The following sources all correspond to poisons that you have or will study in your class. These older documents provide context so that you can understand how societies have reacted to these poisons over time.
Chemical weapons were first used in World War I to devastating effects. The following documents highlight the social impact of mustard gas and sarin on the general population, particularly at the start of World War II.
Nigel B. Cook, Medical Manual of Defense Against Chemical Agents, 1972.
Although this pamphlet was published in 1972, it includes many extracts from British civil defense and military manuals from the 1930s and 1940s, around the time of World War II.
Nigel B. Cook (various British government publications related to chemical weapons primarily from the 20th century bound together).
This document includes a variety of British government publications related to chemical weapons from the 20th century. The book opens to a few pictures from the time of World War II. If you flip to the right, you will also see a 1938 article about chemical weapons.
Early scientists in England and America often wrote on the topic of viper and rattlesnake venom, documenting their understanding of its symptoms, mechanism, and giving possible cures. The following three sources highlight this topic from the 1700s and 1800s. To see some 19th-century remedies for such snake bites, see the "Medical Texts" tab.
Richard Mead, A Mechanical Account of Poisons in Several Essays (1747)
Richard Mead's work titled A Mechanical Account of Poisons in Several Essays became a classic work on poisons, published in a variety of editions in the early 1700s. Notice that this book sometimes uses an old symbol called the “long s” that looks like ſ or ʃ (it is an “s,” not an “f”).
The book opens to pages 8 and 9, which list symptoms of viper bites. Note that you can turn the pages forward or backwards by clicking on the sides of the pages.
"Snake bite and its antidote: experiments with Crotalus venom and reputed antidotes, with notes on the saliva of Heloderma ('Gila monster')," Forest and Stream (1888).
This text, an offprint of an early journal article, provides case studies relating to venom experiments.
S. W. Mitchell, Researches upon the venom of the rattlesnake : with an investigation of the anatomy and physiology of the organs concerned. Smithsonian Institution, Washington: Smithsonian Institution, 1860.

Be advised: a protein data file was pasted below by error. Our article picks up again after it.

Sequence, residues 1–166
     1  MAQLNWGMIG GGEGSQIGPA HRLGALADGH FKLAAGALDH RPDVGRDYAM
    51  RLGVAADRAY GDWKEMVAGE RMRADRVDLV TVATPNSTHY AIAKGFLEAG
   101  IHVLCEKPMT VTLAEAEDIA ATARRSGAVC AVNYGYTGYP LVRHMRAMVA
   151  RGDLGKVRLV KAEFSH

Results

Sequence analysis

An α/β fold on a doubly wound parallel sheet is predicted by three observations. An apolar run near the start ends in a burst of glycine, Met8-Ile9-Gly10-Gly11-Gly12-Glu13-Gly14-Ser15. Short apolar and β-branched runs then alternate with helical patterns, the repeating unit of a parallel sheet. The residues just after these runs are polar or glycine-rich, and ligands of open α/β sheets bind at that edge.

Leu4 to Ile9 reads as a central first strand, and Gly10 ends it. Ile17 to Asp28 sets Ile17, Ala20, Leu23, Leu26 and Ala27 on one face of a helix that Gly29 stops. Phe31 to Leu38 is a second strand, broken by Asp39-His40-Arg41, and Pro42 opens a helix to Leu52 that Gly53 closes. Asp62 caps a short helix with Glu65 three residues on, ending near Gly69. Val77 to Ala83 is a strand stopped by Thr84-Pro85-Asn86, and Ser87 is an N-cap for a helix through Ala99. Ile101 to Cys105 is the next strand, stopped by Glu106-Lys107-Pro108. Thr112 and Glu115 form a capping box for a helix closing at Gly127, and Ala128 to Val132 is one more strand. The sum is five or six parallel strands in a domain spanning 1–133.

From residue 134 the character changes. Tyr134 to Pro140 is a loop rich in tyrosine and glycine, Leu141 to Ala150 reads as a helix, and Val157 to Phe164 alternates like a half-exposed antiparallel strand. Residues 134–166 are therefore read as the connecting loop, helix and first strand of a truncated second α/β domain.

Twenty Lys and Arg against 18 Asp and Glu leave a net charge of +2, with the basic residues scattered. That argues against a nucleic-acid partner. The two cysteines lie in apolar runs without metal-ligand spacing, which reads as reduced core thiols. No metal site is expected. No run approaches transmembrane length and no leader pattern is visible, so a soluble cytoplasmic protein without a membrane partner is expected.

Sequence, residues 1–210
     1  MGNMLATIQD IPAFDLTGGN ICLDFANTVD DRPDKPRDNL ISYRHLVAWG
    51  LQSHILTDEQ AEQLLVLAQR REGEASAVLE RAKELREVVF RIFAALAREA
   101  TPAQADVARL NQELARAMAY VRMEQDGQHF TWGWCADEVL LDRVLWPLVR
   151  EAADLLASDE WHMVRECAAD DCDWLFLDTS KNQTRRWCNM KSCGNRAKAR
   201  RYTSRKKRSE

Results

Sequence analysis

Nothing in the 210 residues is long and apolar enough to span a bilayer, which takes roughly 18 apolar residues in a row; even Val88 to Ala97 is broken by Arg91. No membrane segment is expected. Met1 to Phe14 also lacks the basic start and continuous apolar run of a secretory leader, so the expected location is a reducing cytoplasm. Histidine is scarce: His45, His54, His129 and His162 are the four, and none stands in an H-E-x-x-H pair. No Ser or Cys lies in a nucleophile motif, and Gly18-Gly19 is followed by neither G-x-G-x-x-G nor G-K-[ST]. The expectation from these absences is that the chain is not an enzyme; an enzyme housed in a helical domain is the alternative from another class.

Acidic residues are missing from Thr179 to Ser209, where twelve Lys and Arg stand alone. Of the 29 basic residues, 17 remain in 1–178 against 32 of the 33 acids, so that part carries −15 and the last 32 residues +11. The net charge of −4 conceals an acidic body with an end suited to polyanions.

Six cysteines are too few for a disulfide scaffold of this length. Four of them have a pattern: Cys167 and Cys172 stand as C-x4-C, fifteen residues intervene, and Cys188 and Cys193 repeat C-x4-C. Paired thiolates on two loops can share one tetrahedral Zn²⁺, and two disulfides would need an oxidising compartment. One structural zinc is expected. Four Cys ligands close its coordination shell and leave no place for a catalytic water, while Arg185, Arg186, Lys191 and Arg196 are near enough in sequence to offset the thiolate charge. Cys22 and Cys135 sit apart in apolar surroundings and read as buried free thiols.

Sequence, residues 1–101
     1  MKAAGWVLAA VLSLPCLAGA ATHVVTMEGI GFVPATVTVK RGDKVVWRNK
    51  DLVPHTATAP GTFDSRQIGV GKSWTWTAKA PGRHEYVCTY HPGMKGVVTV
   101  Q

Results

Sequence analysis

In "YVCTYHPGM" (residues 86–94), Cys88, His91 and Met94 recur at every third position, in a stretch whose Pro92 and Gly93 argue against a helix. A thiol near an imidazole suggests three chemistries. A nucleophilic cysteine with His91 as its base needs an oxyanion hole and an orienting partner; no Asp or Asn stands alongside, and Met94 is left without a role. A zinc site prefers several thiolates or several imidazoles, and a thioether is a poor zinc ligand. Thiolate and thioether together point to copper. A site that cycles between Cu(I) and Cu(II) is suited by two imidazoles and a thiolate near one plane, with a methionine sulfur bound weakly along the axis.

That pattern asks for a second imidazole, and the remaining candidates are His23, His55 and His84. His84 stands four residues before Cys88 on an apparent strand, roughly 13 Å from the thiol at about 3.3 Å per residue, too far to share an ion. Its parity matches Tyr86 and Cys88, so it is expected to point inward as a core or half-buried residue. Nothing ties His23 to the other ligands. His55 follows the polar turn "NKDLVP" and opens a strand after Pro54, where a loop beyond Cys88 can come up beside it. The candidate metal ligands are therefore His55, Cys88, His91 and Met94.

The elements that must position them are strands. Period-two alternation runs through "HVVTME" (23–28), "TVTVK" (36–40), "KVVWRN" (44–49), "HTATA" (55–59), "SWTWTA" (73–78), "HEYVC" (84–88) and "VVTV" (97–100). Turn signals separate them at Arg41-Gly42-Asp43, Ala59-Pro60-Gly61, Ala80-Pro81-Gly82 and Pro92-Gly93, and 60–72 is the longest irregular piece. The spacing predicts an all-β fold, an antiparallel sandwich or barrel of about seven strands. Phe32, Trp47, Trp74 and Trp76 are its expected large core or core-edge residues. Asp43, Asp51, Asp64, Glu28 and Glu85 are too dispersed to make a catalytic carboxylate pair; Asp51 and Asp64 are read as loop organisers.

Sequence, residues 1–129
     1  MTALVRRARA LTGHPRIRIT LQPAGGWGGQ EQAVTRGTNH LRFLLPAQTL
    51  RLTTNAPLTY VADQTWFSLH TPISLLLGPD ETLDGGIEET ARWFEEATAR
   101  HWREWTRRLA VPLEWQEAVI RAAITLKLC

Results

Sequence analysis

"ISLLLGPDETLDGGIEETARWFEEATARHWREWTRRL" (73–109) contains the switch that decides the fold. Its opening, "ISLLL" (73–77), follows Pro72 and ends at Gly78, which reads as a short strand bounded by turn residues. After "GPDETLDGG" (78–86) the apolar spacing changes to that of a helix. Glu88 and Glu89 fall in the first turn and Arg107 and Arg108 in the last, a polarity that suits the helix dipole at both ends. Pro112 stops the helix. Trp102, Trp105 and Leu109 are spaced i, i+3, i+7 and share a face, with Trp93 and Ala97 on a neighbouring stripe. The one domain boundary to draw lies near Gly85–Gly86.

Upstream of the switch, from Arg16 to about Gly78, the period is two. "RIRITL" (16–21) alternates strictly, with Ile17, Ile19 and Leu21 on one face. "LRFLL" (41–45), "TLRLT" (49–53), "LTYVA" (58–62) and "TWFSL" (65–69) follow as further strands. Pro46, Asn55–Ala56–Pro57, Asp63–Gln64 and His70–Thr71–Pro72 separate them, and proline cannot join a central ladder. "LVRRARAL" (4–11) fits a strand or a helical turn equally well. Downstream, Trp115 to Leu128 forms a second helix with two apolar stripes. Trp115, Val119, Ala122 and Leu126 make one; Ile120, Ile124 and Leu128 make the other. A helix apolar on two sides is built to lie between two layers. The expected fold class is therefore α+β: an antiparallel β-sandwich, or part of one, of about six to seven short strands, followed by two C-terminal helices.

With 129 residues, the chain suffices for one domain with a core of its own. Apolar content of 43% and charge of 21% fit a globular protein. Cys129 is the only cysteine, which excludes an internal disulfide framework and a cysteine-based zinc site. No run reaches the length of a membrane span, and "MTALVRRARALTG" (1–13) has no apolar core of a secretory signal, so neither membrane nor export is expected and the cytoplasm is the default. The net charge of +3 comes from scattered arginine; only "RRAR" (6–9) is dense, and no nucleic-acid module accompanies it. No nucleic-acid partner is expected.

This book from 1860 is a detailed study of rattlesnake venom done by scientists at the Smithsonian. Look particularly at p. 67 (shown below), highlighting an experiment of the poison's effects on pigeons.
Minamata disease is caused by extreme mercury poisoning and is named after the city of Minamata, Japan. First identified in 1956, it was soon discovered that the Chisso Corporation was polluting the city's bay with mercury, which people then ingested when they consumed the local fish.
In the early 1970s, W. Eugene Smith and Aileen Smith lived in Minamata and documented the dramatic effects this disease had on the people of the town. Children were particularly susceptible to mercury poisoning's effects (and were often born with birth defects).
Johann Friedrich Closs, A new method of curing the small-pox; by which that disease ... is rendered as void of danger as when received from inoculation ... (1774)
Read about the use of cantharidins to mitigate the effects of smallpox in this 1774 work. The link opens to pages 10 and 11, which describe using cantharidins to treat smallpox blisters.
Link directly to the digital book
"A Case of Poisoning by Cantharides," The American Journal of the Medical Sciences, 1828, V. 2, p. 368-373
The following short article describes the detailed observations of a poisoning incident with cantharidin that led to death in the early 1800s.